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A substantial body of clinical evidence now supports an association between various forms of hypotension and both idiopathic chronic fatigue and the chronic fatigue syndrome (CFS). Patients with CFS have a high prevalence of neurally mediated hypotension, and open treatment of this autonomic dysfunction has been associated with improvements in CFS symptoms. Randomized trials are now in progress to evaluate the efficacy of treatments directed at neurally mediated hypotension in those with CFS patients, and the results of these trials should help guide more basic inquiries into the mechanisms of orthostatic intolerance in affected individuals.
Recent research has identified a high prevalence of abnormal hemodynamic responses to upright posture among individuals with chronic fatigue and chronic fatigue syndrome (CFS).
The most frequently reported of these autonomic disorders among those with CFS is neurally mediated hypotension (NMH)—a term preferable to the synonyms “neurocardiogenic syncope,” “vasodepressor syncope,” and “vasovagal syncope,” because it emphasizes that symptoms can occur without complete loss of consciousness. This article discusses selected issues in the clinical overlap of CFS and autonomic dysfunction, briefly reviews current understandings of the pathophysiology, diagnosis, and treatment of NMH, and addresses some of the scientific challenges involved in determining whether the association between NMH and CFS is causal.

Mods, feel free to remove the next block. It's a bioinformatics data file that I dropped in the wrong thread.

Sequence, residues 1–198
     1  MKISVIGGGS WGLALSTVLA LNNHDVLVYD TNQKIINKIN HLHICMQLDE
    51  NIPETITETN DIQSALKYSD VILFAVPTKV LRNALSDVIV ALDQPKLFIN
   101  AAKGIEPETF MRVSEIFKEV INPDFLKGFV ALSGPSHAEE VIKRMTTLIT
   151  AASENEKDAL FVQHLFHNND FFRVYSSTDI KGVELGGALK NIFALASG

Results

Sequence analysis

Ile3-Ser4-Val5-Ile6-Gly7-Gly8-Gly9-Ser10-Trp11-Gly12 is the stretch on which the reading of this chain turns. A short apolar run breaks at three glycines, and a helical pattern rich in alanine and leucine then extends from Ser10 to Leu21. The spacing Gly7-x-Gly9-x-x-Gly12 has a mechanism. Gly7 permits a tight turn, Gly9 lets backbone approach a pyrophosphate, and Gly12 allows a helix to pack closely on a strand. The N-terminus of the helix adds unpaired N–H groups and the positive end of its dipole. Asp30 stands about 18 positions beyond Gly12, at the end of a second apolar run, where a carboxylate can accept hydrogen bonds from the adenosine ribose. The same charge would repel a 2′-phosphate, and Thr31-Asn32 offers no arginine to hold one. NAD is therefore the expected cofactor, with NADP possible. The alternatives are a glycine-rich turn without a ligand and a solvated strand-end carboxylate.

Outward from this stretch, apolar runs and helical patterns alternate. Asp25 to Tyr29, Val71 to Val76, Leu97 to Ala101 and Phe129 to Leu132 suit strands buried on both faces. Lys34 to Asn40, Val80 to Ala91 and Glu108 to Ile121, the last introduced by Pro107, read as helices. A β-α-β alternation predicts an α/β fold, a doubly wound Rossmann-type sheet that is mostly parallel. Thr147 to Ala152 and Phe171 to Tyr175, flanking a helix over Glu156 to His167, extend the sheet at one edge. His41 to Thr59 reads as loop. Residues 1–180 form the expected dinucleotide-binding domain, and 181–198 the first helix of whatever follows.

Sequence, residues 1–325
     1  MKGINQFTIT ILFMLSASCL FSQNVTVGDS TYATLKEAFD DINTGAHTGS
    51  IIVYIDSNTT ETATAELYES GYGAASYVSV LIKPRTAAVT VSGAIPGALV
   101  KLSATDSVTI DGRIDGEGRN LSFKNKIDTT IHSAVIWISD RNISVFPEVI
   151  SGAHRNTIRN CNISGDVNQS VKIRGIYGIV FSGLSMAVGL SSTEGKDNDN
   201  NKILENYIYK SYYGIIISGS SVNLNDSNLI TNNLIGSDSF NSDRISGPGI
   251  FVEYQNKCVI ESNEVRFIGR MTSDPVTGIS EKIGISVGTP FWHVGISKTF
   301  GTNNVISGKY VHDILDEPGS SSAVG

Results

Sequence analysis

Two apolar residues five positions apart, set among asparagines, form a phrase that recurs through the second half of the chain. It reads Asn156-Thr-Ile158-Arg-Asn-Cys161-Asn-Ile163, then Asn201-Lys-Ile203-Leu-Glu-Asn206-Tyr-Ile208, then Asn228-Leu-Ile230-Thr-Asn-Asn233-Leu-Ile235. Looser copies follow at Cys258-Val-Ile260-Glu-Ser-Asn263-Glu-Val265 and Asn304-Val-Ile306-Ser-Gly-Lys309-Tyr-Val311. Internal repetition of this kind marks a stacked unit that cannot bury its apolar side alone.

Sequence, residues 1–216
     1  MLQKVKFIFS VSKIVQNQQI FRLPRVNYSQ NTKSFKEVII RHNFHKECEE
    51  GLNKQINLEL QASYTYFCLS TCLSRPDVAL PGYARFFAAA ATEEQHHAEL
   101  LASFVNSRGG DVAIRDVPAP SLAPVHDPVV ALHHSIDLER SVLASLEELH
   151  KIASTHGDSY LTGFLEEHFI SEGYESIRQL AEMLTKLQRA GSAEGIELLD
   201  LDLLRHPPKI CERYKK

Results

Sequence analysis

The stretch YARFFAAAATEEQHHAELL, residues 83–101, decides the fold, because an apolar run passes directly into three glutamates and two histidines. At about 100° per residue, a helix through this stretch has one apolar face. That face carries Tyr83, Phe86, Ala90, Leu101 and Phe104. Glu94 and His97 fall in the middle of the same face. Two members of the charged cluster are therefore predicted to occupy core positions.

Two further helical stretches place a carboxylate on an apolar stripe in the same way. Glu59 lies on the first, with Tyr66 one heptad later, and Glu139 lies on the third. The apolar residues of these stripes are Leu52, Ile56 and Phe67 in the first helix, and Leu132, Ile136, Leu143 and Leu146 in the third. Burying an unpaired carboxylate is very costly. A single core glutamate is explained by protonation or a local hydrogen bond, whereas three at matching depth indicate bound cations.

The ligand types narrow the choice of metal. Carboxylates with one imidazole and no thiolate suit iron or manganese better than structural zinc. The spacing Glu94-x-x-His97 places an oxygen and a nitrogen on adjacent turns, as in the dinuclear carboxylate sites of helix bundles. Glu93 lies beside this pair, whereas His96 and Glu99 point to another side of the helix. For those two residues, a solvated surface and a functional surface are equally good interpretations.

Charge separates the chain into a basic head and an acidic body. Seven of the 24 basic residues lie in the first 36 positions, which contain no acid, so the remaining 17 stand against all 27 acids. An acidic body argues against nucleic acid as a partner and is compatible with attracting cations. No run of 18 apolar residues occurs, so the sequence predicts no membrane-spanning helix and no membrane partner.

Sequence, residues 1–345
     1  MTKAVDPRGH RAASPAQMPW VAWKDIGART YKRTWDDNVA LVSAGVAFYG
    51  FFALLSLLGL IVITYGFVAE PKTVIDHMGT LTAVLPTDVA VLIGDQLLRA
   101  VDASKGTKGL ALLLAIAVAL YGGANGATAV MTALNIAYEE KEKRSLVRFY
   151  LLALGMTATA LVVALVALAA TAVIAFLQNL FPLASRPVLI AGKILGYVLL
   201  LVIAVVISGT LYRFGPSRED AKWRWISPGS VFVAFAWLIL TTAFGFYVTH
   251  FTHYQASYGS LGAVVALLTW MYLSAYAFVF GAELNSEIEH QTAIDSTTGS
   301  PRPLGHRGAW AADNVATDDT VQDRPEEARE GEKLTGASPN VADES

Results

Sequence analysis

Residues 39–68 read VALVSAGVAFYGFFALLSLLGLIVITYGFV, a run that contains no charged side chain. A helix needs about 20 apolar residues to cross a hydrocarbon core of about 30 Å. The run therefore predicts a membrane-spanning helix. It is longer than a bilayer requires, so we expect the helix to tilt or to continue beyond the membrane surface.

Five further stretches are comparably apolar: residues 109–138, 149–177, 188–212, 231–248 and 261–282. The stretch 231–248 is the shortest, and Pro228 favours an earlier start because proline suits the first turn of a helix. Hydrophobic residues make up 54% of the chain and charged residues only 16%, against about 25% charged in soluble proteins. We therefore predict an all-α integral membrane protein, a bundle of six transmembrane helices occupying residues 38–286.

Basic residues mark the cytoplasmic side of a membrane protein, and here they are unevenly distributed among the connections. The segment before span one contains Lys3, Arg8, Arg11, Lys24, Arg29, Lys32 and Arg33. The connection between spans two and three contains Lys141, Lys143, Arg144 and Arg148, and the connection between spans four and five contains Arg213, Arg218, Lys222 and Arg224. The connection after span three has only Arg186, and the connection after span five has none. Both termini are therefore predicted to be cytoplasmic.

Hypotension, autonomic dysfunction, and chronic fatigue
Although a low resting blood pressure in the absence of orthostatic symptoms does not represent disease, it can no longer be claimed, as the title of an influential study in 1940 stated, that hypotension is “the ideal normal blood pressure.”
In a study of 10,314 British civil servants, the lowest quartile of systolic blood pressure was associated with the highest prevalence of dizziness, tiredness, and somatic complaints, the odds ratio for unexplained tiredness being 1.2 times higher for men and 1.33 times higher for women in the lowest quartile compared with the highest. The mechanism of the association between low blood pressure and fatigue was not investigated in these studies.